Tuesday, April 18, 2017

The Radium Girls by Kate Moore (Book Review)

*Disclosure of material connection- I received a copy of the book from the publisher via Netgalley in exchange for my honest thoughts. I was not required to write a positive review and all opinions stated are 100% my own.

About the book-

The incredible true story of the young women exposed to the “wonder” substance of radium and their brave struggle for justice...

As World War I raged across the globe, hundreds of young women toiled away at the radium-dial factories, where they painted clock faces with a mysterious new substance called radium. Assured by their bosses that the luminous material was safe, the women themselves shone brightly in the dark, covered from head to toe with the glowing dust. With such a coveted job, these “shining girls” were considered the luckiest alive—until they began to fall mysteriously ill. As the fatal poison of the radium took hold, they found themselves embroiled in one of America’s biggest scandals and a groundbreaking battle for workers’ rights.

A rich, historical narrative written in a sparkling voice, The Radium Girls is the first book that fully explores the strength of extraordinary women in the face of almost impossible circumstances and the astonishing legacy they left behind.

Kate Moore is a Sunday Times best selling writer with more than a decade’s experience writing and ghosting across varying genres, including memoir, biography, and history. In 2005 she directed a critically acclaimed play about the Radium Girls called ‘These Shining Lives.’ She lives in the UK.

My thoughts-

I had never heard of the radium girls before coming across this book. I will always read an interesting story, and I enjoy learning new things about history that I didn't previously know so this was a good read for me. The Radium Girls is a heartbreaking account of the young women who were working in radium factories during the first world war. This book will enrage you. The lengths to which this company went to not be held liable for the illness they caused so many women is infuriating. These women were dying, some of their friends already dead before they took their story to court, and they still were not taking ownership of their misdeeds. The Radium Girls is a little bit on the long side, but it is broken up into three sections and there are also many girls' stories to be told. If you enjoy books about history, you will probably enjoy The Radium Girls.

Saturday, April 1, 2017

Life After by Katie Ganshert (Book Review)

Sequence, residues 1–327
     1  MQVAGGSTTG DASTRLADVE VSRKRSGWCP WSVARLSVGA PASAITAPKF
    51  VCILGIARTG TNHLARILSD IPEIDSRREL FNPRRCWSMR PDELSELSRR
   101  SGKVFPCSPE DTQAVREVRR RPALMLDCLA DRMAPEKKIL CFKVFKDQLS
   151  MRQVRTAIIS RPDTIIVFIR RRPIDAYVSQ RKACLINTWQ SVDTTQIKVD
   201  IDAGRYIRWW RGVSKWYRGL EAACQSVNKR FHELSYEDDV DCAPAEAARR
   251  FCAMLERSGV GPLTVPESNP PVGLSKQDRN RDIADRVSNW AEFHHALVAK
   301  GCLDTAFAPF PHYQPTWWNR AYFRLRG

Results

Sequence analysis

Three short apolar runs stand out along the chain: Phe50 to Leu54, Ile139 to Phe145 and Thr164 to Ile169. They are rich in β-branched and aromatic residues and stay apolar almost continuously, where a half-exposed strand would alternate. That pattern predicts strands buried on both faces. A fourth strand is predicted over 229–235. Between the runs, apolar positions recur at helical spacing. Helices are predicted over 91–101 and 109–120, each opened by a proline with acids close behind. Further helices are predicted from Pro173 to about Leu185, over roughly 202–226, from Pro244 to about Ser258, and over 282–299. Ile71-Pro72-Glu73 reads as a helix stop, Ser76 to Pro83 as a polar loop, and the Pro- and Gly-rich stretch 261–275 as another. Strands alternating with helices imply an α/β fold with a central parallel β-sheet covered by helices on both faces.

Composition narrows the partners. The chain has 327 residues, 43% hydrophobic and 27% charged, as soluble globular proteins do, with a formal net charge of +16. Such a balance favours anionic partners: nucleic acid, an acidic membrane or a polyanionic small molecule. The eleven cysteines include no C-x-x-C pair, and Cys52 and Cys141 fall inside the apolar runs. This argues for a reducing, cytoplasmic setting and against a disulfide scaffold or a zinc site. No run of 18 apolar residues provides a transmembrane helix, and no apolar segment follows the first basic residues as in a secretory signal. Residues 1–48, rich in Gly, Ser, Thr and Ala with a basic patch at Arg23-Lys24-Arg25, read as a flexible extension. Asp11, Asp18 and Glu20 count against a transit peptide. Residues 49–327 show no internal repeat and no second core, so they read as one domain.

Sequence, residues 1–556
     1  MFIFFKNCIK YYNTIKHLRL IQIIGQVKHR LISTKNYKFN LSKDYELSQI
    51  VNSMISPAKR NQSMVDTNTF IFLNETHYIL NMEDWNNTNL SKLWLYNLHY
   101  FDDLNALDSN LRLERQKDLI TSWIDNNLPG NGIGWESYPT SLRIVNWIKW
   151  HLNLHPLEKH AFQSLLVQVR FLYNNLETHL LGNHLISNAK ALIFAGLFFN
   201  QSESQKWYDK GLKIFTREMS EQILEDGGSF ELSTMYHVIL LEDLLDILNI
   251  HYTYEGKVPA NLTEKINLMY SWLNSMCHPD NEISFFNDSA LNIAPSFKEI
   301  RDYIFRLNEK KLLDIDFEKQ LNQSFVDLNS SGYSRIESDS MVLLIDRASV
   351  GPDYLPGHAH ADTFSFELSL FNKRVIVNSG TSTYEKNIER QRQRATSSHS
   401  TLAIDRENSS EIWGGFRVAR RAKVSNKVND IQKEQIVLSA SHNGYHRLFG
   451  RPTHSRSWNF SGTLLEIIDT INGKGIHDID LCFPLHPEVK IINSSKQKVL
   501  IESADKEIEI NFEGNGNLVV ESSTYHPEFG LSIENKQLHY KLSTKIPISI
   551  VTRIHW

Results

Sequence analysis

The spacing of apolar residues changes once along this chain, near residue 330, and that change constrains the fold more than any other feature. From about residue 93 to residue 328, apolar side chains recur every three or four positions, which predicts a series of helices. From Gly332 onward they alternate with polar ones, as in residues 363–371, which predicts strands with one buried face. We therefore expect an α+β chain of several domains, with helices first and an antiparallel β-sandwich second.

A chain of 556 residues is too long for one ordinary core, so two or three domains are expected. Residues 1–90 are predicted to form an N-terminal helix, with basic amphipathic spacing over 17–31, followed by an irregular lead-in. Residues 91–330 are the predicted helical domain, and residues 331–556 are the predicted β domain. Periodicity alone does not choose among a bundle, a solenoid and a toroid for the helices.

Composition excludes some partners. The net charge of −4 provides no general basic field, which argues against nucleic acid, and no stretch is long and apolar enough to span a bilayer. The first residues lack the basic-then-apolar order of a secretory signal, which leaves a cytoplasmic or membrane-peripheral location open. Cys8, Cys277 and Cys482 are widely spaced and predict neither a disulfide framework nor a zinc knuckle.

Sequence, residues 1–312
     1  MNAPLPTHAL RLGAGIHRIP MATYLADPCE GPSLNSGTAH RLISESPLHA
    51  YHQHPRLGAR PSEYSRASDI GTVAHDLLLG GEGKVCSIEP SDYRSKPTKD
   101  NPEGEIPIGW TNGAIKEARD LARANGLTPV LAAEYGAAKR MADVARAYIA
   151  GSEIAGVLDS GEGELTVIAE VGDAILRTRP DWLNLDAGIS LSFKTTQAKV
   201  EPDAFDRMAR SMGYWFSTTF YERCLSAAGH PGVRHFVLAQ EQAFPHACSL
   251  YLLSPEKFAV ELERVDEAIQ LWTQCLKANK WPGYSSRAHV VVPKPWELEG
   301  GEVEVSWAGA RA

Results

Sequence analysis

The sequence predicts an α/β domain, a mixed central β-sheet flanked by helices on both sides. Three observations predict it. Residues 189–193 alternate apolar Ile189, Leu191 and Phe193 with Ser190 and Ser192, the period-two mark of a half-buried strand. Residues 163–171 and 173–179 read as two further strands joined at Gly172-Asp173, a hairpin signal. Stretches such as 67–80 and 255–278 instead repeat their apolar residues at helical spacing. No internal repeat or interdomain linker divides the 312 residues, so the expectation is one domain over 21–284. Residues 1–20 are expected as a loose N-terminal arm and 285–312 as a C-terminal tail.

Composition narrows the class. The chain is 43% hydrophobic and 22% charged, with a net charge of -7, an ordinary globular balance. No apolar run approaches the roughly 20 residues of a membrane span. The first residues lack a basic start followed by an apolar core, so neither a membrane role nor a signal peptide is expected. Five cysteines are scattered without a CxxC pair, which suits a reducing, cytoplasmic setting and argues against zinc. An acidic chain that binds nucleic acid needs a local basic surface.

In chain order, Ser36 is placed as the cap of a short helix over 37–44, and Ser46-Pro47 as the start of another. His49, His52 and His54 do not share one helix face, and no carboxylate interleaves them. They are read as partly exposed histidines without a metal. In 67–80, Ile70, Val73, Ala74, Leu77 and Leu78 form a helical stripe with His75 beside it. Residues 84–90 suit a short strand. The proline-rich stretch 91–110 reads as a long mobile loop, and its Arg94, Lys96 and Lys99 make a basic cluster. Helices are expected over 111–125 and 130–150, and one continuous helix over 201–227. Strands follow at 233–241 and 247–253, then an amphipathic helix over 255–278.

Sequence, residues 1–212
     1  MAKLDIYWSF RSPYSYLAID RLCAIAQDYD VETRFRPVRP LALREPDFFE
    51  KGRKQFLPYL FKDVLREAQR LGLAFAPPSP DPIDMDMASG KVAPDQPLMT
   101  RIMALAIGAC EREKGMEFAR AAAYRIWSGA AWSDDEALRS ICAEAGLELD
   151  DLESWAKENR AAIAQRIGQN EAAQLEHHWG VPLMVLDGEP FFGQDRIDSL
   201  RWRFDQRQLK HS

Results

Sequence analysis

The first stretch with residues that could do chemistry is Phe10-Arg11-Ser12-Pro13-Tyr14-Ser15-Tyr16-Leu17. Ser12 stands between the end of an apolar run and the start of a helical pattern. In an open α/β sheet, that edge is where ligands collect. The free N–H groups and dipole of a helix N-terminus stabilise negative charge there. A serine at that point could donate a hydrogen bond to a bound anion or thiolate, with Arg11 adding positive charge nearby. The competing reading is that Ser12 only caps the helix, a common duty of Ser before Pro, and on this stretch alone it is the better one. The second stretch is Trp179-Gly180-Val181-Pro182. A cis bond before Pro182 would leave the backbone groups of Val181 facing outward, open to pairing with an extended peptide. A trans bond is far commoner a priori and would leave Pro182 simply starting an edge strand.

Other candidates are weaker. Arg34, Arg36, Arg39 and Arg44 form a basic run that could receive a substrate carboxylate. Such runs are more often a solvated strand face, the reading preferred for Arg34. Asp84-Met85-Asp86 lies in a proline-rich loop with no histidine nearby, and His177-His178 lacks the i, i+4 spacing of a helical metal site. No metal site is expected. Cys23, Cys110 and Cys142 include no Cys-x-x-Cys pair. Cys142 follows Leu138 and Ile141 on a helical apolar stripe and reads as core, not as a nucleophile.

*Disclosure of material connection- I received a copy of the book from the publisher via Blogging For Books in exchange for my honest thoughts. I was not required to write a positive review and all opinions are 100% my own.

About the book-

It could have been me.Snow whirls around an elevated train platform in Chicago. A distracted woman boards the train, takes her seat, and moments later a fiery explosion rips through the frigid air, tearing the car apart in a horrific attack on the city’s transit system. One life is spared. Twenty-two are lost.

A year later, Autumn Manning can’t remember the day of the bombing and she is tormented by grief—by guilt. Twelve months of the question constantly echoing. Why? Why? Why? Searching for answers, she haunts the lives of the victims, unable to rest.

Paul Elliott lost his wife in the train bombing and wants to let the dead rest in peace, undisturbed and unable to cause more pain for his loved ones. He wants normalcy for his twelve-year-old daughter and young son, to see them move beyond the heartbreak. But when the Elliotts and Autumn are unexpectedly forced together, he fears she’ll bring more wreckage in her wake. 

In Life After, Katie Ganshert’s most complex and unforgettable novel yet, the stirring prose and authentic characters pose questions of truth, goodness, and ultimate purpose in this emotionally resonant tale.

My thoughts-

I don't know how she does it, but Katie Ganshert consistently outdoes her previous work with each new book. I've yet to read a book she's written that I didn't immediate fall in love with. Ganshert is great at writing relatable characters with imperfections and faults, the easiest characters to relate to when reading. Life After is very different from any of her other novels with this added huge thing of a train exploding that kills everyone on board but one sole survivor, Autumn. This is the story of Autumn wanting to tell the stories of those who perished. Her mission leads her on a journey of learning about the others who welcome her with open arms, with the exception of one, Paul Elliot, who wants to leave the past in the past. It was difficult to go on this journey with Autumn, but it was a story that gripped me from the very beginning and had me until the end. I absolutely loved this book and I think anyone who enjoys contemporary women's fiction will enjoy it as well.